I don’t want any trouble. I just want to be alone and quiet in a room with a chair and a fireplace and a tea cozy. I don’t even know what a tea cozy is, but I want one. Instead, I keep getting trouble, which I am more than willing to share.
Oh, hey, y’all. It’s been a while since we checked in with Buffy and the gang. Long time fans can probably pick up with these season 3 recaps and know right away why Buffy is hanging out in L.A. this episode, but if you need a refresher on what lead up to these developments, all of my Season 2 recaps are collected here.
Also, a note about spoilers and spoiler warnings: I don’t generally believe in spoiler warnings, since I think the concept of a “recap” should be enough of a warning in and of itself. However, I have noticed that there are a large number of P-Mag readers who have only just started watching Buffy and may be coming into these posts with unspoiled eyes. My posts will or may include references to all aired Buffy episodes (that is, all of them), including plot points or characters who may not have been introduced as of the current recap episode. I do not generally refer to “Season 8” (the comics). Please be forewarned.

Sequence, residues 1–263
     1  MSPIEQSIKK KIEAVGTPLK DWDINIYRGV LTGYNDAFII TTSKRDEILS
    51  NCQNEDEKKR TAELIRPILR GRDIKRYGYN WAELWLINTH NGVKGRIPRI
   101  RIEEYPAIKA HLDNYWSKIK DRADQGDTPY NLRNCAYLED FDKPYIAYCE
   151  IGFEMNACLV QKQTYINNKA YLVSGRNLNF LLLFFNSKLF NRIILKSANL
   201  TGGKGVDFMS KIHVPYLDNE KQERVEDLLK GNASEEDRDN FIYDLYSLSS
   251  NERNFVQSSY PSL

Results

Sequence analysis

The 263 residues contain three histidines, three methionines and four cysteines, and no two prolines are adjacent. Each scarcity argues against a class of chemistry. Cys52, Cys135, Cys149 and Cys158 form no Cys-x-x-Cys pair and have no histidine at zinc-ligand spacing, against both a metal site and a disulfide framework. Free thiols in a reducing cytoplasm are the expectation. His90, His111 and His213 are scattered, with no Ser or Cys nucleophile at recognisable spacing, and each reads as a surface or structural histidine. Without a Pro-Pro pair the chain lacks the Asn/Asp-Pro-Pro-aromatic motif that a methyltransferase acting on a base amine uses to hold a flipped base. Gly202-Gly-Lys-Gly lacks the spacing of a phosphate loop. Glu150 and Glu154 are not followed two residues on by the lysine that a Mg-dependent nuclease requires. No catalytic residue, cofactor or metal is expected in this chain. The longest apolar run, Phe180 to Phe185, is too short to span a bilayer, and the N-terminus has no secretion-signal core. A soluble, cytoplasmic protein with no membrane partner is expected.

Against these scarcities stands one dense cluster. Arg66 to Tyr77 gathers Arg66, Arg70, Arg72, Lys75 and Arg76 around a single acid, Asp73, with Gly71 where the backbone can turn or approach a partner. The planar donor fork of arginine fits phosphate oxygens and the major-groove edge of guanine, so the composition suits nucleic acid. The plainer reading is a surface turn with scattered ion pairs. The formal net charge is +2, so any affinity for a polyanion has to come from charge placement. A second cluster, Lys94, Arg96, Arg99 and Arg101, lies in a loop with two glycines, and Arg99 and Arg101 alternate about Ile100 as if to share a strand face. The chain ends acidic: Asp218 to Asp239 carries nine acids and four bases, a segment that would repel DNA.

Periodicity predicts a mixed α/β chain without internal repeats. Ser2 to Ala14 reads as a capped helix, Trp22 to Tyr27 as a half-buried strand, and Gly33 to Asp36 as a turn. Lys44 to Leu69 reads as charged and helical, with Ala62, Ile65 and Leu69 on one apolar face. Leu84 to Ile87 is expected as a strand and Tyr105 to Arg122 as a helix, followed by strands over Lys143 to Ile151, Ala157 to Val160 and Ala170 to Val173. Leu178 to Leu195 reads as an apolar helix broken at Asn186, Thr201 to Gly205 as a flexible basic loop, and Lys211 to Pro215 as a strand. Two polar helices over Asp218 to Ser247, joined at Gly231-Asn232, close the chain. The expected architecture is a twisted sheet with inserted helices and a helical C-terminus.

All that said, let’s check in with the Scooby Gang:
Since Buffy disappeared after the events of “Becoming,” the gang has been trying to fill in for her as best they can. But three (and four, when Cordelia comes back from summer vacation) regular human beings do not equal one Slayer, no matter what the math says. The best Willow and the boys can do is not end up dead. Which, according to their “body count,” is about all they’re doing.
There’s actually a really great moment where Oz hefts up a stake, looks focused and professional, and then hurls it inefficiently after a fleeing vampire. It’s a played for laughs moment, but it’s a very clever commentary on just how special Buffy is – we see her do similar attacks so often it looks deceptively easy. But she’s the Chosen One. She has just chosen to not be in Sunnydale right now.